Wednesday, December 14, 2016

Leathers

Yesterday I got home from late from hunting. I got swept up in the chase and the drama of it all. What was supposed to be an hour turned into two and as I crawled over fallen logs and ran to catch up with a flying beast - I was grateful I wolfed down some leftover bacon and chunk of cheese. I was using calories, all right. It was in the thirties and I was covered in sweat. The energy from those was four pieces of thin bacon and slab of sharp cheddar (the chunk about the third the size of my palm) - was perfect fuel for cold-weather slush scrambling after rabbits. Aya swooped after three different rabbits (caught none, these guys have an established warren with escape  hatches every 3 feet it seems), she finally found the ass-end of another hawk's rabbit in the crook of a tree. I called her and she was gulbing down a rabbit foot. "Where did you get that?!" I hollered. I watched her eat a leg - lucky furry foot and all - in a gulp before calling her back. After her take-out it was time to go home.

We stopped at the mansion on the property that belongs to the Common Sense Commune here in Cambridge. I visited with friends in their apartment inside the mansion, had tea, talked farming and realized how late in the day it was getting!

When I did get home it was nearly dark. Maybe an hour of light was left in the day? I took off my leather boots. They are not anything special, but they are the best shoes I own so I try to take care of them. I don’t wear them for chores anymore - just riding, hawking, hunting and the like. I set them by the fire to dry. Before bed they would be brushed down with a stiff-bristled horse brush and coated with mink oil. They need that level of care after what I put them through. In the last 2 days they have been crossing freezing streams, leaping fallen logs, ankle deep in snow, mud, and ice. I have owned a pair of these boots before and after one winter of Jenna-level=wear they had cracked oven at all th stressed areas. The boots are designed for being on a horse - not hiking - so they protect the inner calves with reinforced leather and allow ultimate flexibility of the foot for the saddle. This is great for walking through the woods like a cat with a hawk on your fist - lets you walk on the balls of your feet and silently creep up on squirrels. The downside is zero ankle support. Ankles need to be shock absorbers on a horse and to be held tight while hiking. So if I demand my horse shoes do triple the work as hunting boots - they need some TLC.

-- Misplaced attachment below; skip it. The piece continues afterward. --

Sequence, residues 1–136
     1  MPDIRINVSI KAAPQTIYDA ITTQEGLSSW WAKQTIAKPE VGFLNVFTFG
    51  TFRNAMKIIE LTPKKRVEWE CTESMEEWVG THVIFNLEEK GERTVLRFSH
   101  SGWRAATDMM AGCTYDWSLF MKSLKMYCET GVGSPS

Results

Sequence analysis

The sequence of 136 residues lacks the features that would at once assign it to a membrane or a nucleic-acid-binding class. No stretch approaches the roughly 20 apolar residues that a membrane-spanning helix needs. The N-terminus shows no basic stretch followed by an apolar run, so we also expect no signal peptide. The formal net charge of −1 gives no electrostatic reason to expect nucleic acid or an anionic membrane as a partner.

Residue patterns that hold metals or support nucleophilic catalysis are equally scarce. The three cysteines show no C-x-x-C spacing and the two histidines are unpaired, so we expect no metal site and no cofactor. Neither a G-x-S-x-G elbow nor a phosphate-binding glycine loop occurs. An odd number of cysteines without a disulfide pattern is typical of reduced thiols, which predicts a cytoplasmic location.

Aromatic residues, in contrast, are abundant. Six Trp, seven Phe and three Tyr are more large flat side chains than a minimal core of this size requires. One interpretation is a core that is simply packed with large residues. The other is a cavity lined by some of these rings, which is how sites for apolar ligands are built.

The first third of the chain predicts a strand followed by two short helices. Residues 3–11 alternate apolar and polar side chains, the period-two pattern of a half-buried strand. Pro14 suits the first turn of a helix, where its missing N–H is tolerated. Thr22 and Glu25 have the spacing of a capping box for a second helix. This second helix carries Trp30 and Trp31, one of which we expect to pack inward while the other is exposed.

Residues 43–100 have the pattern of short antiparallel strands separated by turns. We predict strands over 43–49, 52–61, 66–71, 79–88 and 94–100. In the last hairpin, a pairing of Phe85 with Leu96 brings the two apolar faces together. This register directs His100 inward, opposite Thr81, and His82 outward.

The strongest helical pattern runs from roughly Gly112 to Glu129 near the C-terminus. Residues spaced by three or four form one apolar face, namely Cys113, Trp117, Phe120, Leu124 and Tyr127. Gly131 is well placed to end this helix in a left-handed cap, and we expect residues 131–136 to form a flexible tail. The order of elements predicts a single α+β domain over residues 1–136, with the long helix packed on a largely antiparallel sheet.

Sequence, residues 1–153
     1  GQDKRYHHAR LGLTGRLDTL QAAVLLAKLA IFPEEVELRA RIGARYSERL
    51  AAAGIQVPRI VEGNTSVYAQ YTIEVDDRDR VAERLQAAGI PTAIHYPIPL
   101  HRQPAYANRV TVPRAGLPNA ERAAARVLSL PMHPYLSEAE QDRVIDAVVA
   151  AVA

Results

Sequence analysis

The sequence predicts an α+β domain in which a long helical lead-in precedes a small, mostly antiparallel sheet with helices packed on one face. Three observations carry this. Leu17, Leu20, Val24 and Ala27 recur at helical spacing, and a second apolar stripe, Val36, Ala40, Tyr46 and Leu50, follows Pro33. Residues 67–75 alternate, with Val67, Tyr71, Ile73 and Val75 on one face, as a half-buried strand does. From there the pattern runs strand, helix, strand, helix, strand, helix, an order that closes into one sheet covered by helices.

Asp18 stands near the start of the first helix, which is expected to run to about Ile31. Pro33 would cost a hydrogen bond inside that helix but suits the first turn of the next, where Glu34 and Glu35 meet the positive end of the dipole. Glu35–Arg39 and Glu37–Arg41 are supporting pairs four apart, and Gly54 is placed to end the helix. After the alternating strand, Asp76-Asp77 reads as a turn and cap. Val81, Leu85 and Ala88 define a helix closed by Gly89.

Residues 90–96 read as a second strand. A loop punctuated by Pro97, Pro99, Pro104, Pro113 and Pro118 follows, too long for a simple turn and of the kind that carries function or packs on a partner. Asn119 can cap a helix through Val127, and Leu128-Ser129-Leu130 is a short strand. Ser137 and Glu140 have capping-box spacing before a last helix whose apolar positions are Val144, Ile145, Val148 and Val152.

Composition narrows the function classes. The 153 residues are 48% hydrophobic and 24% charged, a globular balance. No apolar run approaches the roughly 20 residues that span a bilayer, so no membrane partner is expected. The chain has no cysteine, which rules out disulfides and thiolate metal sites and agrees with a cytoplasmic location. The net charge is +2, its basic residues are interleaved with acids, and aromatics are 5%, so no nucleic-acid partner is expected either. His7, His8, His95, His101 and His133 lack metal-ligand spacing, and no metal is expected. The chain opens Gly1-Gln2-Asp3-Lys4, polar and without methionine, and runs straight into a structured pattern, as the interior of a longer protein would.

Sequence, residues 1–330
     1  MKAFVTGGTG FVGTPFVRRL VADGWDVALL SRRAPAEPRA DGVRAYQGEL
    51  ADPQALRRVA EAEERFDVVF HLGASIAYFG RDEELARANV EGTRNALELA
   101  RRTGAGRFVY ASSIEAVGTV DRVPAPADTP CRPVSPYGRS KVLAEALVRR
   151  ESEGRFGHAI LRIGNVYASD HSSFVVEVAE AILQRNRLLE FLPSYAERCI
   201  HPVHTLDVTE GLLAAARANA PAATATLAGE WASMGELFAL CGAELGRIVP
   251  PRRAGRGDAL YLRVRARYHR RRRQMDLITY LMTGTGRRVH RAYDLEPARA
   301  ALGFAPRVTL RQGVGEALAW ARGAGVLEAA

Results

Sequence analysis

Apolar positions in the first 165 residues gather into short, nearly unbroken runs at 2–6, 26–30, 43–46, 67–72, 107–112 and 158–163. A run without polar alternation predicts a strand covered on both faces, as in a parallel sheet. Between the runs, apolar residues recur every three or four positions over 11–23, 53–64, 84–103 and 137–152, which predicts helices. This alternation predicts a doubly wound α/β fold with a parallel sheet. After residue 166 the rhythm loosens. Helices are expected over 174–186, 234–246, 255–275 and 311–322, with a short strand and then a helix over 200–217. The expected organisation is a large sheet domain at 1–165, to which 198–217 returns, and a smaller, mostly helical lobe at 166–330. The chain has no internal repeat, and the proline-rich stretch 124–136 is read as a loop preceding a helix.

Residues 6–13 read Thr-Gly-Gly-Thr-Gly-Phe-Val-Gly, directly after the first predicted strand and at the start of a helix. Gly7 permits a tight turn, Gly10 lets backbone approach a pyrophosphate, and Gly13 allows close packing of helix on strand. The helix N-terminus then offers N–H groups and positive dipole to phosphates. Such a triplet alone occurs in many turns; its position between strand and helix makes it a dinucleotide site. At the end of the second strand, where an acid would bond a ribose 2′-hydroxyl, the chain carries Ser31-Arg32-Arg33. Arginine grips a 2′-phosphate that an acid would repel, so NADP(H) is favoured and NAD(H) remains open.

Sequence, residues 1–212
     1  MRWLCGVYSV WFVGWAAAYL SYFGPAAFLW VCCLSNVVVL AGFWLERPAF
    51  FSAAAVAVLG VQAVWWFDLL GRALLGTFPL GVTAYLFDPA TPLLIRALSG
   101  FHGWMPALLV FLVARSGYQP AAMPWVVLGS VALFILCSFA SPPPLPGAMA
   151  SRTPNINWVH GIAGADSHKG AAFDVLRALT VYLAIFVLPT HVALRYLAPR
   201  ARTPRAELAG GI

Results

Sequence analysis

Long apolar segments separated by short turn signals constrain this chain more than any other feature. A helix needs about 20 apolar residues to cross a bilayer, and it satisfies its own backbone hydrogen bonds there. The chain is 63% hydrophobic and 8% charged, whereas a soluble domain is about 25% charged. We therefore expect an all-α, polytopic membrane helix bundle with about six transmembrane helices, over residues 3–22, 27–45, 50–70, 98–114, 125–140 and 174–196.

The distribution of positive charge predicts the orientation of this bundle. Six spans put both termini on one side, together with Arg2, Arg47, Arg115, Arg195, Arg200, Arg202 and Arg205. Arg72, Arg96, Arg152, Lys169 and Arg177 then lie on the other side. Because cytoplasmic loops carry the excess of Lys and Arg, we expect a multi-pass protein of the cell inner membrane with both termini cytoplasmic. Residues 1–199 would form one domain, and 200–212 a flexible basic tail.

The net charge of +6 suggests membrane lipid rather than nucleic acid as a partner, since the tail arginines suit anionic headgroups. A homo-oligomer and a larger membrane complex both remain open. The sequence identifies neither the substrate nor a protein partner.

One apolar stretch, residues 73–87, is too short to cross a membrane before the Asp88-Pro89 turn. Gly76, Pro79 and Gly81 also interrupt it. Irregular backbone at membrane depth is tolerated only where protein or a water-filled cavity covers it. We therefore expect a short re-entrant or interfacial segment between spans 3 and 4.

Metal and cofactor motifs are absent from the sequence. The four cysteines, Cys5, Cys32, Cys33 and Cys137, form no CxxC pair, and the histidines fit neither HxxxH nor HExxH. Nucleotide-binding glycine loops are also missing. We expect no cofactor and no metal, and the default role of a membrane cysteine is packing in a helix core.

So when chores were finished and the farm was content I sat down with my brush and oil and treated my boots and hawking leathers by the fire. Gauntlets and jesses, also rubbed down with oil. When it was done I set into my first knitting project in year. My hands have been hunting, butchering, baking, and farming - but the delicate finger tango of knitting had been neglected. Last night I started a simple casting on of a hat. I was using the black wool sent from Ireland. It came back as easily as humming and old song. It will be a few nights before the hat is done but I am excited for it. I mean, it doesn’t take much to excite me these days. I did just write two paragraphs on boot care?

4 Comments:

Blogger Ngo Family Farm said...

And those to paragraphs were fascinating as usual! xo
-Jaime

December 14, 2016 at 10:17 AM  
Blogger live pura vida said...

I love my Dublins. I think I've had them about two years now and they were definitely worth the investment. They really last when taken care of and kept from the really dirty work like mucking stalls.

December 14, 2016 at 3:50 PM  
Blogger Julie Davenport said...

Can't beat dublins!I had a pair a while back and I think I just may get some again. Well made!

December 14, 2016 at 10:37 PM  
Blogger Julie Davenport said...

Great boots! I had some a while back and I've been thinking about getting some again. It's hard to beat some good leather boots!

December 14, 2016 at 10:39 PM  

Post a Comment

Links to this post:

Create a Link

<< Home